Thursday, July 20, 2006

Getting More Than We Pay For

Yesterday I attempted to pull a lesson from a Gazette editorial about highway speeds: that caution is wiser than certainty when it comes to our assumptions and intuition about the data underlying public policy decisions. ("Gazette: 'Is Faster Safer?" July 19, 2006).

Today three paragraphs at the end of a Gazette news story caused me to reflect once again on the old adage, "You get what you pay for." Cindy Hadish, "Global Warming Issue Heats Up I.C.," The Gazette, July 20, 2006, p. 4B (also available here). (The story is about an effort of the Iowa Public Interest Research Group, and a law school colleague of mine, Jon Carlson, to urge legislators to back a bill designed to reduce greenhouse gas emissions.)

What caught my eye were the last three paragraphs of the story:

"Ferman Milster UI associate director for utilities and energy management, cited action the university has taken to reduce carbon dioxide emissions.

"Its biomass fuel project replaces coal with oat hulls from Quaker Oats in Cedar Rapids, providing a revenue stream for Quaker and reducing emissions while using a renewable fuel, he said.

"The program has saved the UI more than $1 million in fuel costs."

"You get what you pay for"? Not in this case.

The switch from coal to oat hulls means the UI has reduced its contribution to carbon dioxide emissions, is now using a renewable fuel, depending on what Quaker Oats was formerly doing with the oat hulls it may mean less need for land fill -- and (a) provides more revenue for Quaker Oats, while (b) reducing costs for the University.

I'm not suggesting that we should cut expenditures for social or other programs in the hopes that someone will come up with a way of delivering more for less money. All I'm suggesting is that, far more often than one might suspect, a little focus, and creativity, can produce alternative ways of doing things that can simultaneously increase performance while decreasing costs.

Here are a couple examples, both from education.

There was a thoughtful, best-practices report from The National Commission on the High School Senior Year, about 2001, that concluded much of the last year of high school is essentially wasted for many students. (Sadly, this report may no longer be available on the Web; at least the only sites Google brought me just now (that I examined) no longer contained it.) It proposed a number of programs school disticts could adopt that would similtaneously generate more student enthusiasm, provide a higher quality of education, while reducing class size, dropouts, the need for increased capital costs (building more, or expanded, high schools), and (with, if anything, fewer teachers) operating costs as well.

Most districts (sadly, I hate to report, a number that included the one on whose school board I sat at the time) either weren't aware of the report, were aware but didn't read it, or read it but decided the poorer quality education at higher cost was more comfortable and less disruptive than undergoing the changes that the improvements would require of them.

(In the case of my district, parents and other taxpayers decided they'd much rather float a $40 million bond issue, and expand the local high schools, than adopt the changes that would improve quality and lower costs. Moreover, all of this in the face of data suggesting the optimum size of high schools is roughly 650 students when ours, even before expansion, were already roughly two to three times that size.)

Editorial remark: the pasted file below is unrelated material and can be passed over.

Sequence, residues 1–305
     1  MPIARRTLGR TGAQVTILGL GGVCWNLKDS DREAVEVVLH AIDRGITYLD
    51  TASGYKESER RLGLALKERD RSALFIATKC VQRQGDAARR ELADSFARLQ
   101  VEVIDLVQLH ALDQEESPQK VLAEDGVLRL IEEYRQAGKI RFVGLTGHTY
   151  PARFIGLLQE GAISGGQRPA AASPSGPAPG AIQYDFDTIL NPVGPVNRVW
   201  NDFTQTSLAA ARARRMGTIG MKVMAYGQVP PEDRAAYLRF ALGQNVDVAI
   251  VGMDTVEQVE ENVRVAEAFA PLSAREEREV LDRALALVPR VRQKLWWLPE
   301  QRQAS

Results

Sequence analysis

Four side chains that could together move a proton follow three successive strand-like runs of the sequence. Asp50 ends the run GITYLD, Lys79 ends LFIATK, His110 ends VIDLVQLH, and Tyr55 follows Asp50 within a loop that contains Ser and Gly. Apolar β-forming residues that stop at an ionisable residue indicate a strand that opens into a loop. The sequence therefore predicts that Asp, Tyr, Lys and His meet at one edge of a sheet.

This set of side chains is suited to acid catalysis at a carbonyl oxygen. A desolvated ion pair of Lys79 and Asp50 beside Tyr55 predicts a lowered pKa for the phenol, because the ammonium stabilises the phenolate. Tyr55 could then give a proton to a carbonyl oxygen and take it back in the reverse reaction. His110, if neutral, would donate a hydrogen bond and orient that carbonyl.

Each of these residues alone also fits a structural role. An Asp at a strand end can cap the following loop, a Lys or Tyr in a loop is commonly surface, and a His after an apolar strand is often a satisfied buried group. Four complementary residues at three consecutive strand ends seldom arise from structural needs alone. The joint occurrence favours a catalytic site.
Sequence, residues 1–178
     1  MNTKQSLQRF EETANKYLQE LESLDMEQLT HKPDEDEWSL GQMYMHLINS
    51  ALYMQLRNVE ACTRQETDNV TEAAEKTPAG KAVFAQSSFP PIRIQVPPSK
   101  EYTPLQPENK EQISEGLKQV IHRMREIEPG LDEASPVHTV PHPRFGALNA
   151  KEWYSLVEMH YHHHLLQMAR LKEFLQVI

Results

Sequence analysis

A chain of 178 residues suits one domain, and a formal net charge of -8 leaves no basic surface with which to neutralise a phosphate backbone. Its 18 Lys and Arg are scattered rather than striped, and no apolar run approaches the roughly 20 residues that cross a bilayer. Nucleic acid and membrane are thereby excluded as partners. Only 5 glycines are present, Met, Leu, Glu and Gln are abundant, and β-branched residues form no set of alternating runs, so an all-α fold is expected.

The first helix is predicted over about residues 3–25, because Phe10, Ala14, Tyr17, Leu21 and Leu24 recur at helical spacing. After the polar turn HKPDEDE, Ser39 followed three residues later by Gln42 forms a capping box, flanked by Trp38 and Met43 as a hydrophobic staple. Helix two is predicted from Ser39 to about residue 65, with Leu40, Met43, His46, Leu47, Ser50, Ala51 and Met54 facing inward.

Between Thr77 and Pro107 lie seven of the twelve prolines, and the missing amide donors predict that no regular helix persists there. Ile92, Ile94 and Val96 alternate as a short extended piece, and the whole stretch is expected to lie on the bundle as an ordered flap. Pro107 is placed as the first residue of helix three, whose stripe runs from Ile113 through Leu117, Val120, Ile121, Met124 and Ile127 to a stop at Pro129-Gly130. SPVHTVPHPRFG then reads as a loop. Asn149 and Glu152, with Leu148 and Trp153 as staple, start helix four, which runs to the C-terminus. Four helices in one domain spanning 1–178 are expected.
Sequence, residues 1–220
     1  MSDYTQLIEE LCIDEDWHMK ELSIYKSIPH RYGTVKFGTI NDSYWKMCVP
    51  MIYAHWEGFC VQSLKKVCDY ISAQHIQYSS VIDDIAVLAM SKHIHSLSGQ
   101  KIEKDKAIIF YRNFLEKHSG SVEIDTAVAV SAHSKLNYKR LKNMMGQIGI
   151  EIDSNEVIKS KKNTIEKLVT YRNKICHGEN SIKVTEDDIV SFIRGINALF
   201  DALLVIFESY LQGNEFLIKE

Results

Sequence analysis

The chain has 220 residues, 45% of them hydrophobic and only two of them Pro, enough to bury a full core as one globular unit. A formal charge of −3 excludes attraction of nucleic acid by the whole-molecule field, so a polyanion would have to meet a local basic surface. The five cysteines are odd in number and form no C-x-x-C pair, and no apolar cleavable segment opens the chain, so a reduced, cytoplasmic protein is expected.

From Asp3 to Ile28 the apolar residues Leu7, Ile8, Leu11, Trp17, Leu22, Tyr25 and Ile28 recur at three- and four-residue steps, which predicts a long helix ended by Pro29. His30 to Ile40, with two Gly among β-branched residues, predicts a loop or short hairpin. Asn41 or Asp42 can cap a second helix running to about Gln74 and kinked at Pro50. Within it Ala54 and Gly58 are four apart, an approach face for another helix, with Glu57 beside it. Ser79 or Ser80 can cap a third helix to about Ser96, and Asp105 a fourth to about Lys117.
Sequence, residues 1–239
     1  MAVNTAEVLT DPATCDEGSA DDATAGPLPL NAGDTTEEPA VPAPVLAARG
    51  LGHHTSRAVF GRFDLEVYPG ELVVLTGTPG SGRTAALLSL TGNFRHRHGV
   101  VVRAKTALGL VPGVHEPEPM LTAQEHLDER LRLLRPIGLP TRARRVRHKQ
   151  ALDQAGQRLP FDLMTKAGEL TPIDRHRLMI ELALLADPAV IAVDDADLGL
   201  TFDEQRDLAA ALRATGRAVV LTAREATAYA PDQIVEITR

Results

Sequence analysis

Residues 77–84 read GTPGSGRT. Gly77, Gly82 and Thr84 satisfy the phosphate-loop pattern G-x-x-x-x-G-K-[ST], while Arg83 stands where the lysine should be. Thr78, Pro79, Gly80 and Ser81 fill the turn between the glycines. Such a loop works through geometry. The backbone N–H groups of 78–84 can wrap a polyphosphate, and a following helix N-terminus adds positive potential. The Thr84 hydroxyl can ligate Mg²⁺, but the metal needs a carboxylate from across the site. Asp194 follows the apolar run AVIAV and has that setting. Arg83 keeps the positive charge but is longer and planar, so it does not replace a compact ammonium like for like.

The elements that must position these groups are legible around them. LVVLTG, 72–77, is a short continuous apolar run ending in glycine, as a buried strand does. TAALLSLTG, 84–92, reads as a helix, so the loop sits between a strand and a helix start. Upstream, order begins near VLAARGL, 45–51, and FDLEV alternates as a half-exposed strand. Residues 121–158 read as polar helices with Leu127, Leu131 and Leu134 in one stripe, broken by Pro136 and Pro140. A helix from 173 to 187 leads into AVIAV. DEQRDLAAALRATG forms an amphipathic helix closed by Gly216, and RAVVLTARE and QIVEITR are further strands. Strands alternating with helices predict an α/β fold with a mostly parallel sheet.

This is simply one more illustration of the proposition that there are approaches, to almost anything, that can increase quality while simultaneously decreasing costs.

In higher education there is an assumption that when it comes to university presidents and football coaches it is simply impossible to find a good coach for less than $3 million a year, or a good president for less than something between $400 and $800,000 a year: the more you pay the better quality person you get. I questioned that in a couple of pieces in the Daily Iowan: Nicholas Johnson, "Pricey Presidents' Added Cost," The Daily Iowan, March 7, 2006, and Nicholas Johnson, "When Too Much Is Not Enough," The Daily Iowan, June 30, 2006.

The latter began, "How much is enough? Regent President pro tem Teresa Wahlert said, 'You get what you pay for. You don't get an extremely qualified academic and entice him to stay' with a lower salary,' ("Board eyes more $ for prez," June 22)." It seemed to me that was an assertion worth testing; that it was possible those who come only for the money might very well be less enticed to stay when the next larger offer came around rather than more.

From rolled oats to roiled regents, it's not always the case that "you get what you pay for."

1 comment:

John Neff said...

The State of Iowa is getting "something for nothing" because the Board of Regents (actually UIHC) pays for almost $6 million per year for a substantial fraction of prison inmate health care.

My view is that this is the unintended consequence of a decision made probably 50+ years ago when medical delivery costs were lower because in-patients were housed in wards not semi-private rooms. In the mean time we have to deal with increased medical costs of inmates with AIDS and age related illnesses.

Senator Grassley is very proud of the fact that he lead the effort to suspend Federal social security and veterans benefits for person convicted of a felony. Because most folks in prison are convicted of felonies (if this were not Iowa I would say all prison inmates are convicted of felonies)this shifts part of the cost of inmate medical services from the Federal to the State budget (in our case to the UIHC buget).

The Federal policy is screw the States and the State policy is screw the property tax payers, UIHC patients and the students/parents who pay tuition.